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https://www.readbyqxmd.com/read/29621531/honeybee-apis-cerana-vitellogenin-acts-as-an-antimicrobial-and-antioxidant-agent-in-the-body-and-venom
#1
Hee Geun Park, Kwang Sik Lee, Bo Yeon Kim, Hyung Joo Yoon, Yong Soo Choi, Kyung Yong Lee, Hu Wan, Jianhong Li, Byung Rae Jin
Honeybee (Apis mellifera) egg-yolk protein vitellogenin (Vg) plays roles in immunity, antioxidation, and life span beyond reproduction, but it also acts as an allergen Api m 12 in venom. Here we established antimicrobial and antioxidant roles of honeybee Vg in the body and venom. Using the cDNA encoding Vg identified from Asiatic honeybee (A. cerana) workers, recombinant A. cerana Vg (AcVg) protein of approximately 180 kDa was produced in baculovirus-infected insect cells. In A. cerana worker bees, AcVg was expressed in the fat body and venom gland and was present in the secreted venom...
April 2, 2018: Developmental and Comparative Immunology
https://www.readbyqxmd.com/read/29579694/translocation-of-lipoproteins-to-the-surface-of-gram-negative-bacteria
#2
REVIEW
Yogesh Hooda, Trevor F Moraes
The surface of many Gram-negative bacteria contains lipidated protein molecules referred to as surface lipoproteins or SLPs. SLPs play critical roles in host immune evasion, nutrient acquisition and regulation of bacterial stress response, and have been extensively studied as vaccine antigens. The aim of this review is to summarize the recent studies that have investigated the biosynthetic and translocation pathways used by different bacterial species to deliver SLPs to the surface. We will specifically focus on Slam, a novel outer membrane protein first discovered in pathogenic Neisseria sp...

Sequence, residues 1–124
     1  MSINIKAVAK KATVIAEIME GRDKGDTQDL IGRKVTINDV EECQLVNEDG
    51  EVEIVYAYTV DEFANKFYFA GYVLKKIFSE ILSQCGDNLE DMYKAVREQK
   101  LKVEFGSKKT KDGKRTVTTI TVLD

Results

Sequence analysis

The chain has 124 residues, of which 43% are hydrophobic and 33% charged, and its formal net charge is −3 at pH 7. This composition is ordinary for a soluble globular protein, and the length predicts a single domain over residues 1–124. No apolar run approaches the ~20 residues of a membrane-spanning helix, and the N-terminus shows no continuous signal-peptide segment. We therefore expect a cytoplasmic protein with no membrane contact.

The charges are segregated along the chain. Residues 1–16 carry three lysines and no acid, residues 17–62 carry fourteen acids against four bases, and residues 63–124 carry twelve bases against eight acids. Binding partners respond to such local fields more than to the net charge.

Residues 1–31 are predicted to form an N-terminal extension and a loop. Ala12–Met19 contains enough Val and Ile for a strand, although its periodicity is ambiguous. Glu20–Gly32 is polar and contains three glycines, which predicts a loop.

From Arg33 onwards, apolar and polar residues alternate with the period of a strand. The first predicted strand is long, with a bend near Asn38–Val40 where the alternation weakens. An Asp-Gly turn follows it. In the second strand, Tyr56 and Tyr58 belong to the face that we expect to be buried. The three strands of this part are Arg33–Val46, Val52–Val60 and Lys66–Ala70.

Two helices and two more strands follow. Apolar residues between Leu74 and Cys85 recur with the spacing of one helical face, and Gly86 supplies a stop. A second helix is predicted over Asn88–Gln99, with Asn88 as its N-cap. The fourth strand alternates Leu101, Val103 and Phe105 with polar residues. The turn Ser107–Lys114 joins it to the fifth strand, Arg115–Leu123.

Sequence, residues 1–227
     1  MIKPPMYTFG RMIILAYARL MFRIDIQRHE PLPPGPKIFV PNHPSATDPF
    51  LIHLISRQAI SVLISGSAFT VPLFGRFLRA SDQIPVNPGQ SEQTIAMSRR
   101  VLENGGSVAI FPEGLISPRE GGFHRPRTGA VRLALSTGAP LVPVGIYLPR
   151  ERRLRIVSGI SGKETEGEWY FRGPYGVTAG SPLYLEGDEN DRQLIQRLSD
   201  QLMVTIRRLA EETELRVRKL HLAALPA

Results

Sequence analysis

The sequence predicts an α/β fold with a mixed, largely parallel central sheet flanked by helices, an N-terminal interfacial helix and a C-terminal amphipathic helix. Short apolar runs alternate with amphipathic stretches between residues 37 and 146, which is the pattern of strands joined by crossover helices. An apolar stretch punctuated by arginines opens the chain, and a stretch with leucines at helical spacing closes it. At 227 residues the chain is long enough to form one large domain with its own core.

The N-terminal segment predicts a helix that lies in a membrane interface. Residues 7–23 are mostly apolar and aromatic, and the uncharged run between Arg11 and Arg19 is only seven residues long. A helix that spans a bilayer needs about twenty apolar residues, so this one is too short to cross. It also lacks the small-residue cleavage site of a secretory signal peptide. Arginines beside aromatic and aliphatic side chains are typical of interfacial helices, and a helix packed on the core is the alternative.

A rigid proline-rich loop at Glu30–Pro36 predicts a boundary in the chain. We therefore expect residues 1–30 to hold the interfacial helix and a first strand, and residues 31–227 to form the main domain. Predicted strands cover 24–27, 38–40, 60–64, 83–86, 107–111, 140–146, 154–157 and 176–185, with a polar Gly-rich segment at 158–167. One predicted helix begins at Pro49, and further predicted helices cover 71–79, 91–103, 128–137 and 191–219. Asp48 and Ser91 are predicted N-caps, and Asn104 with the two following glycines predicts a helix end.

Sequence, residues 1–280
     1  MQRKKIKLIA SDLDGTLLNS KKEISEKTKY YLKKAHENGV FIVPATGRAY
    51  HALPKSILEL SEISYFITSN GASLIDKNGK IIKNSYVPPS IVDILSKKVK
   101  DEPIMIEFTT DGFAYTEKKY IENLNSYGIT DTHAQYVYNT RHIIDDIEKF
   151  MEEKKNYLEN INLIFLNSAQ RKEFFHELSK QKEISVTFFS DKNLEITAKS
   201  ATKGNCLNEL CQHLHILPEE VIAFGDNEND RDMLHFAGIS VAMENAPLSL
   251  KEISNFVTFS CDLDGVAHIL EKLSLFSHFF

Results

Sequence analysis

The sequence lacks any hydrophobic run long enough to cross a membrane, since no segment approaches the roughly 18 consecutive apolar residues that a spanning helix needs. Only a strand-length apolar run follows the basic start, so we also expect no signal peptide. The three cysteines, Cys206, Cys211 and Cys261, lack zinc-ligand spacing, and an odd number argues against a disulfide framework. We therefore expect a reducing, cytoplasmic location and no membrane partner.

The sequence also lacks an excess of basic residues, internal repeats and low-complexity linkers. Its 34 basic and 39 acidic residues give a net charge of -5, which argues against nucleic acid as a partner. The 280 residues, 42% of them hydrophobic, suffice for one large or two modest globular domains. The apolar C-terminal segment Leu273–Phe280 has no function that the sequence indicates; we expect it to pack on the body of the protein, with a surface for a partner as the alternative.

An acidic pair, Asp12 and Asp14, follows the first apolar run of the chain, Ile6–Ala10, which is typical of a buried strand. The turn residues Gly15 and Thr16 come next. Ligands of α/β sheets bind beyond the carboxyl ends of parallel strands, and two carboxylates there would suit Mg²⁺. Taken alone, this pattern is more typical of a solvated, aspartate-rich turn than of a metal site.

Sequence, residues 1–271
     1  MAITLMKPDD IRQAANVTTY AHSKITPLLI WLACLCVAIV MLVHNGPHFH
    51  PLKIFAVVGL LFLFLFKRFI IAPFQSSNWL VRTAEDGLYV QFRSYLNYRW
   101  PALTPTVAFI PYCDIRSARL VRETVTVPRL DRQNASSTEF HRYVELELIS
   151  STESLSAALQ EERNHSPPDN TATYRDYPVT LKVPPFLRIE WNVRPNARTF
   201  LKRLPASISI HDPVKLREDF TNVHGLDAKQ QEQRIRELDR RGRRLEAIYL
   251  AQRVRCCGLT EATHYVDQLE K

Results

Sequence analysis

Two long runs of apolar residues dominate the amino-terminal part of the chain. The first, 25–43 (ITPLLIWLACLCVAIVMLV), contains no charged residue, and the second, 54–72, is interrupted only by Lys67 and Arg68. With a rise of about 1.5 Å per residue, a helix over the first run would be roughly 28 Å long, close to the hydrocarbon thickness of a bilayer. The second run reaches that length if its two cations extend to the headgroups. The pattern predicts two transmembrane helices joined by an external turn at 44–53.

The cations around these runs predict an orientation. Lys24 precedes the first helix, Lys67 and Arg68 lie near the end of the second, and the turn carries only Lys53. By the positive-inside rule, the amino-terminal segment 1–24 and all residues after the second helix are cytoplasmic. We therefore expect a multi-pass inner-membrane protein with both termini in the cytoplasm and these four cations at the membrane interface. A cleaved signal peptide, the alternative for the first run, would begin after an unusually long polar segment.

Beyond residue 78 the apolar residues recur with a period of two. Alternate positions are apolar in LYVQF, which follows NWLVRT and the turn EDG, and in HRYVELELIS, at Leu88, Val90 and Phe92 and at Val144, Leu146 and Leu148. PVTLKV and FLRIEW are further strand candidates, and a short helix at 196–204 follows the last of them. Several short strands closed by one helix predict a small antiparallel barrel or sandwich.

March 23, 2018: Current Opinion in Structural Biology
https://www.readbyqxmd.com/read/29576081/selenoprotein-o-is-a-chloroplast-protein-involved-in-ros-scavenging-and-its-absence-increases-dehydration-tolerance-in-arabidopsis-thaliana
#3
Yosef Fichman, Zsuzsa Koncz, Noam Reznik, Gad Miller, László Szabados, Katharina Kramer, Hirofumi Nakagami, Hillel Fromm, Csaba Koncz, Aviah Zilberstein
The evolutionary conserved family of Selenoproteins performs redox-regulatory functions in bacteria, archaea and eukaryotes. Among them, members of the SELENOPROTEIN O (SELO) subfamily are located in mammalian and yeast mitochondria, but their functions are thus far enigmatic. Screening of T-DNA knockout mutants for resistance to the proline analogue thioproline (T4C), identified mutant alleles of the plant SELO homologue in Arabidopsis thaliana. Absence of SELO resulted in a stress-induced transcriptional activation instead of silencing of mitochondrial proline dehydrogenase, and also high elevation of Δ(1)-pyrroline-5-carboxylate dehydrogenase involved in degradation of proline, thereby alleviating T4C inhibition and lessening drought-induced proline accumulation...
May 2018: Plant Science: An International Journal of Experimental Plant Biology
https://www.readbyqxmd.com/read/29565833/role-of-the-extremolytes-ectoine-and-hydroxyectoine-as-stress-protectants-and-nutrients-genetics-phylogenomics-biochemistry-and-structural-analysis
#4
REVIEW
Laura Czech, Lucas Hermann, Nadine Stöveken, Alexandra A Richter, Astrid Höppner, Sander H J Smits, Johann Heider, Erhard Bremer
Fluctuations in environmental osmolarity are ubiquitous stress factors in many natural habitats of microorganisms, as they inevitably trigger osmotically instigated fluxes of water across the semi-permeable cytoplasmic membrane. Under hyperosmotic conditions, many microorganisms fend off the detrimental effects of water efflux and the ensuing dehydration of the cytoplasm and drop in turgor through the accumulation of a restricted class of organic osmolytes, the compatible solutes. Ectoine and its derivative 5-hydroxyectoine are prominent members of these compounds and are synthesized widely by members of the Bacteria and a few Archaea and Eukarya in response to high salinity/osmolarity and/or growth temperature extremes...